I have a family history of blood clots... Should I be tested?
A family history of blood clots can be a sign that those family members are carrying the Factor V Leiden genetic mutation.
It can also be an indication that you have Factor V Leiden and signal the likelihood that you could be at risk for developing a blood clot.
A study found that individuals with the Factor V Leiden mutation who had a first-degree relative with a history of thrombosis (blood clotting) had a 3-fold higher risk for a blood clot or venous thrombosis (VTE) than Factor V Leiden carriers with a negative family history. The risk increased to 18-fold in those with two or more symptomatic relatives.
The current recommended testing guidelines relating to Factor V Leiden are as follows:
- those who have venous thrombosis under the age of 50
- those who have recurrent venous thrombosis
- those who have a family history of venous thrombosis
- female smokers who have suffered myocardial infarction under the age of 50
- venous thrombosis in pregnant women or those taking oral contraceptives
- some guidelines include women with recurrent pregnancy loss, unexplained severe preeclampsia, placental abruption as well as intrauterine fetal growth restriction
Thus, the current testing guidelines would recommend that you be tested given the family history of blood clots in a first-degree (related by blood) family member.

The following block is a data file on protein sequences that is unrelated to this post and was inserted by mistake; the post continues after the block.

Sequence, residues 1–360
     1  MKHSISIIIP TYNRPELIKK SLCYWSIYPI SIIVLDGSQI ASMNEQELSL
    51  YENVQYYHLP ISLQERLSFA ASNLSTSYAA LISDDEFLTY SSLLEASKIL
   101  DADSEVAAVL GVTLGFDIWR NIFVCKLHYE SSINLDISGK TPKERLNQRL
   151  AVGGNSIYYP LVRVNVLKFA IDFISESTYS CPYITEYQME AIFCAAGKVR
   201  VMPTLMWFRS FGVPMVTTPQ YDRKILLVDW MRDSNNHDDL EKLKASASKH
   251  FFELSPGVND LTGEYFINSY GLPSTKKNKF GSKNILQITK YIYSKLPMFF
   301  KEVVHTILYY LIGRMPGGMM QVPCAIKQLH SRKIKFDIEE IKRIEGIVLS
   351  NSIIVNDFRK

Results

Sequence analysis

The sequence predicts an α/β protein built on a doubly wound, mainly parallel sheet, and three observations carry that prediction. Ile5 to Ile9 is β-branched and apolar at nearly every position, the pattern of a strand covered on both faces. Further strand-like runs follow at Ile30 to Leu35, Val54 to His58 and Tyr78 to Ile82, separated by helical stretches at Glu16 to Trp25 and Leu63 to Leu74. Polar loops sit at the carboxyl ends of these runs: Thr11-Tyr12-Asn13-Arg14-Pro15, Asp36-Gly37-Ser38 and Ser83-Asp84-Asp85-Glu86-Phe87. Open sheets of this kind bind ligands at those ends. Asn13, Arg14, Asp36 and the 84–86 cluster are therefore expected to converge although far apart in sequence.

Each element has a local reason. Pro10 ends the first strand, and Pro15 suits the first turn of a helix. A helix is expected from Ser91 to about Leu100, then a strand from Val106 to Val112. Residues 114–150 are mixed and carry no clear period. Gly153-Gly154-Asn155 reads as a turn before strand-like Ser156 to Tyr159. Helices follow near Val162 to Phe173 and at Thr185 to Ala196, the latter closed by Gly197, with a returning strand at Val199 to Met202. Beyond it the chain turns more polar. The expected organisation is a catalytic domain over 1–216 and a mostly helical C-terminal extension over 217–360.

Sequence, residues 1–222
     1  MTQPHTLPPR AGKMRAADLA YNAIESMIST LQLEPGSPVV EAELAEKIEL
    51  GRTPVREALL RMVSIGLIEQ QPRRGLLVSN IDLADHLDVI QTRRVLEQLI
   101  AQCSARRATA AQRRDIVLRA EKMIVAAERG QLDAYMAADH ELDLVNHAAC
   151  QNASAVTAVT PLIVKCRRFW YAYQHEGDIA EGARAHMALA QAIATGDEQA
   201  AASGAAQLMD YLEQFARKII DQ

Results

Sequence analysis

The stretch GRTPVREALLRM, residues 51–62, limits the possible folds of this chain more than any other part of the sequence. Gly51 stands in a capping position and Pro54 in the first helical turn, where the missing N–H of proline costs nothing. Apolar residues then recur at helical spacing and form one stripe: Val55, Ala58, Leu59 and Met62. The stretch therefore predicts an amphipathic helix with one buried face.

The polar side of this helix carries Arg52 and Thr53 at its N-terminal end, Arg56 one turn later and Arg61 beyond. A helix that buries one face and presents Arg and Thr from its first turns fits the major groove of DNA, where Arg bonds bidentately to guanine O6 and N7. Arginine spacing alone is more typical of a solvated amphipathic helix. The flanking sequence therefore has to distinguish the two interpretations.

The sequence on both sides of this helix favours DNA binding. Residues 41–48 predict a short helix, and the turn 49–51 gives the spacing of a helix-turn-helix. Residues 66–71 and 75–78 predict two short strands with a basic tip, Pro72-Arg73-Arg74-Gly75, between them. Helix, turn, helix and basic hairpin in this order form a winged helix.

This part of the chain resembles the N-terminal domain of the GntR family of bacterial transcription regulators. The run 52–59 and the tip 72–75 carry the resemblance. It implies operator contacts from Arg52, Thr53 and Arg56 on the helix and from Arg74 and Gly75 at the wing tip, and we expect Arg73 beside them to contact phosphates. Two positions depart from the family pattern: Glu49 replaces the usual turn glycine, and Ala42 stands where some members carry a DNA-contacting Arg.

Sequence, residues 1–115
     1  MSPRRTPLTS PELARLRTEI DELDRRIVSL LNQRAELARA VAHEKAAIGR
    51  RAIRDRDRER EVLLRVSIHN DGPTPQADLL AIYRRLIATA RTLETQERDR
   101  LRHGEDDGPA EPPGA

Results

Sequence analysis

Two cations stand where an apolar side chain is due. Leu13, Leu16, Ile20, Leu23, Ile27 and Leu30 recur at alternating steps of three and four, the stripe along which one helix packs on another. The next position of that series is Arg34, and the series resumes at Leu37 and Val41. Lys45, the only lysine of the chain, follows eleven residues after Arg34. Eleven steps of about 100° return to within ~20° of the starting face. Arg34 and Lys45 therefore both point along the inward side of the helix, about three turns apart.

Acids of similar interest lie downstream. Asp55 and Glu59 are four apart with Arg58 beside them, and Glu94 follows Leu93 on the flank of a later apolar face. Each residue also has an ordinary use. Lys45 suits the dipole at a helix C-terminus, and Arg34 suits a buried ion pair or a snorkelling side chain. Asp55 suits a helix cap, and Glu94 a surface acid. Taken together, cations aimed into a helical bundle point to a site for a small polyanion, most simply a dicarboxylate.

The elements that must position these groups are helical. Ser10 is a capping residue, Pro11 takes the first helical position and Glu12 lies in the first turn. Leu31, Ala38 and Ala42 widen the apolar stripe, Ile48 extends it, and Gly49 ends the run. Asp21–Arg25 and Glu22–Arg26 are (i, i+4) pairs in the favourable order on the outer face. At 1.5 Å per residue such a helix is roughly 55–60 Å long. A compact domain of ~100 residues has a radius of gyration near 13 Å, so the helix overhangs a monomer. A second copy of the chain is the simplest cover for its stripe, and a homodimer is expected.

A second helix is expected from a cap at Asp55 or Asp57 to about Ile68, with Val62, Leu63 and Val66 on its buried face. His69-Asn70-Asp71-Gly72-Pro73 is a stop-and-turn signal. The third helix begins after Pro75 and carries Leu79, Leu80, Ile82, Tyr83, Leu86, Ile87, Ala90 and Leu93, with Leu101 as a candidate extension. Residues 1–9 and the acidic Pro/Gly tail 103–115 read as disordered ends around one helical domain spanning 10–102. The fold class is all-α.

Even if none of the conditions above are true, you may want to still consider being tested if you feel Factor V Leiden could be a possibility. Testing for Factor V Leiden can be controversial so be sure and check out the “Testing For Factor V Leiden” page to review the arguments for and against being tested.
Ultimately, for those who do not fall within the current testing guidelines and testing is not recommended, deciding whether to be tested for Factor V Leiden is a personal decision.
As always, the American Factor V Leiden Association recommends that you consult with your healthcare professional or genetic counselor to help you in deciding whether to be tested. They can help you interpret the results, explain your risks should you test positive, and make any necessary changes to your plan of care if needed.
The test to see if you have Factor V Leiden is not intrusive and one that your healthcare professional can perform with a simple blood test or you can test for Factor V Leiden yourself via one of the “direct-to-consumer” DNA testing kits.
If you receive positive results for Factor V Leiden from a home DNA testing kit, we recommend that you contact your healthcare professional and genetic counselor and let them know as soon as possible. Together you can review the results and make any changes to your current plan of care.
The American Factor V Leiden Association is working hard to promote public awareness, provide education and be a resource for knowledge.
Our current program initiative on testing is aimed at improving testing guidelines by taking a common sense approach and looking at all variables related to the disorder.
We hope to publish an in-depth position statement on Factor V Leiden testing in the coming months.